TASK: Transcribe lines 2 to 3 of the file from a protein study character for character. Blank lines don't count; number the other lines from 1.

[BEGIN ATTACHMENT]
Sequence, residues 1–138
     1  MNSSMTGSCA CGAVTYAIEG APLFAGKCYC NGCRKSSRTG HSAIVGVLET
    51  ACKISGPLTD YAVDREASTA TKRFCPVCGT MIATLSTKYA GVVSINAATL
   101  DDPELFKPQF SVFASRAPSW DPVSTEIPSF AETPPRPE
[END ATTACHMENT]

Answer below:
     1  MNSSMTGSCA CGAVTYAIEG APLFAGKCYC NGCRKSSRTG HSAIVGVLET
    51  ACKISGPLTD YAVDREASTA TKRFCPVCGT MIATLSTKYA GVVSINAATL